CC Sabathia and Ivan Nova will be back alongside Kuroda, and Michael Pineda is expected to finally be healthy after missing all of 2012 and most of 2013 following his acquisition from the Mariners. For a team looking to contend for a title, though, at least one more high-end starter will be needed.
Japanese right-hander Masahiro Tanaka remains the team's top target, while the likes of Ubaldo Jimenez, Ervin Santana, Matt Garza and Bronson Arroyo are all still available in free agency as well.
Tampa Bay Rays: Bullpen
Far be it from me to question the Tampa Bay Rays bullpen construction, as they have pieced things together time and again with less-than-attractive names and made it work, but it looks like the team's biggest area of need at this point.
Heath Bell was acquired from the Arizona Diamondbacks in a three-team trade and is currently slated to be the Rays' closer. After three straight 40-plus save seasons with the San Diego Padres, he is just 34-of-49 on save chances the past two seasons.
Alex Torres, Juan Carlos Oviedo, Joel Peralta and Jake McGee makes up the rest of the late-inning relief corps, and while that's a solid group, none profile as plus ninth-inning options should Bell falter.
Oviedo has some closer experience from his days with the Miami Marlins when he was still known as Leo Nunez, but he has not pitched in the majors since 2011. McGee would likely get the first crack at the job, and he has the stuff to close, but moving him to the ninth inning would weaken the bullpen as a whole.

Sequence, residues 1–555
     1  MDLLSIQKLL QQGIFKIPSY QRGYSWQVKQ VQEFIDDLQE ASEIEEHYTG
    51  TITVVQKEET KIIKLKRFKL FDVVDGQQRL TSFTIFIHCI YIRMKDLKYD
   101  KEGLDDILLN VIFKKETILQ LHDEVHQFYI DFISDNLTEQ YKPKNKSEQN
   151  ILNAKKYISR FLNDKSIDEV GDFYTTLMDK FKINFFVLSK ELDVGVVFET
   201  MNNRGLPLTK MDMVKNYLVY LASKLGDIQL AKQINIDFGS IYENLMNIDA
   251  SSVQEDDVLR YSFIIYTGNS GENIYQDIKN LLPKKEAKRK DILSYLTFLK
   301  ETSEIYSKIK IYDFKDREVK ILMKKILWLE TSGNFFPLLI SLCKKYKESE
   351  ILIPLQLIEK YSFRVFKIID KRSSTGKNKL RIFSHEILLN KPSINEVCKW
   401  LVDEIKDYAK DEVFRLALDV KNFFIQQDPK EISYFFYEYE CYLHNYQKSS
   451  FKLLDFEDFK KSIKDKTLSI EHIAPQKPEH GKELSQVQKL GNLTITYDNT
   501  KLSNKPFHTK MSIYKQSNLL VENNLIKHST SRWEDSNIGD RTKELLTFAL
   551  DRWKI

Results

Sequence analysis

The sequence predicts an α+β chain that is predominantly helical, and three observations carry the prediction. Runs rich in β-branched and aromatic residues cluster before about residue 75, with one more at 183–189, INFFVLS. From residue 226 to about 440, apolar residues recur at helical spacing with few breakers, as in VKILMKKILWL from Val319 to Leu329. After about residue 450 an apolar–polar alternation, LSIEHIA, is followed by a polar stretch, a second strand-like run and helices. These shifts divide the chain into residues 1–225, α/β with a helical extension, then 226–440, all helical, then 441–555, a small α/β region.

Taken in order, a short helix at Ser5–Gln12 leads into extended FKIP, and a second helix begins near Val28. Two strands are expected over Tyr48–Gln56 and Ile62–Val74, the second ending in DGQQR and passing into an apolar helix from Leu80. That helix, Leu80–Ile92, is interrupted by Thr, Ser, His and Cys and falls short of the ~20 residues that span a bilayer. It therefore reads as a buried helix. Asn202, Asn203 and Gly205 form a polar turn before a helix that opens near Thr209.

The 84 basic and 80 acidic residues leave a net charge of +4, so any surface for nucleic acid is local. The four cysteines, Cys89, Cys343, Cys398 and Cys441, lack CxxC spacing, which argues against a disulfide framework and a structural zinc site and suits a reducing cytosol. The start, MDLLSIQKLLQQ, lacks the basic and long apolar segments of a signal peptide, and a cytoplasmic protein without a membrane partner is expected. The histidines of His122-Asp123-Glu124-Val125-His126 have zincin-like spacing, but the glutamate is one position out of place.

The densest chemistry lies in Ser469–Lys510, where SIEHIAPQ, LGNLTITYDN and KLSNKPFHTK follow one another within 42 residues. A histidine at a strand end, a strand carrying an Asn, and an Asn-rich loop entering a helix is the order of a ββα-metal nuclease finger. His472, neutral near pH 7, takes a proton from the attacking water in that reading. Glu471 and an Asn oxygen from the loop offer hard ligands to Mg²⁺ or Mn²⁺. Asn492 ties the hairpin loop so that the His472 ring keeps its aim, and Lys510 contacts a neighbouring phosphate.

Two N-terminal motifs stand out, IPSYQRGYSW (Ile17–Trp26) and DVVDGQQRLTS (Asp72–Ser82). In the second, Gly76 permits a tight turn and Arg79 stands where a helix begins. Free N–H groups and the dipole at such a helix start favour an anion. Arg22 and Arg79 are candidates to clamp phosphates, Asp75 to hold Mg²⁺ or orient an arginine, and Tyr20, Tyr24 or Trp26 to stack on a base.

Toronto Blue Jays: Front-of-the-Rotation Starting Pitching
It's been a substantially quieter offseason for the Toronto Blue Jays this time around, with the signing of catcher Dioner Navarro marking their only significant addition.
If they hope to reverse their fortunes after a disappointing 2013 season, they'll likely need to add at least one more starter to a rotation that will be fronted by R.A. Dickey and Mark Buehrle but is chock-full of question marks behind them.
Healthy seasons from Brandon Morrow, J.A. Happ and Kyle Drabek would certainly help, but relying on all three of them to make 30 starts could be a risky proposition after they combined for just 31 appearances last season.
They Blue Jays have depth, as Todd Redmond, Drew Hutchinson, Sean Nolin and Chad Jenkins all have starting experience as well. However, signing one of the top arms still on the market or pulling off a trade would definitely make for more stability in the rotation.
Chicago White Sox: Late-Inning Relief
It's been a terrific offseason for the Chicago White Sox to this point, as they have continued to add young talent with the acquisitions of Matt Davidson and Adam Eaton in separate trades with the Diamondbacks and the signing of Jose Abreu.
That said, the Davidson trade cost them young closer Addison Reed, and they could look to add another late-inning relief arm as a result.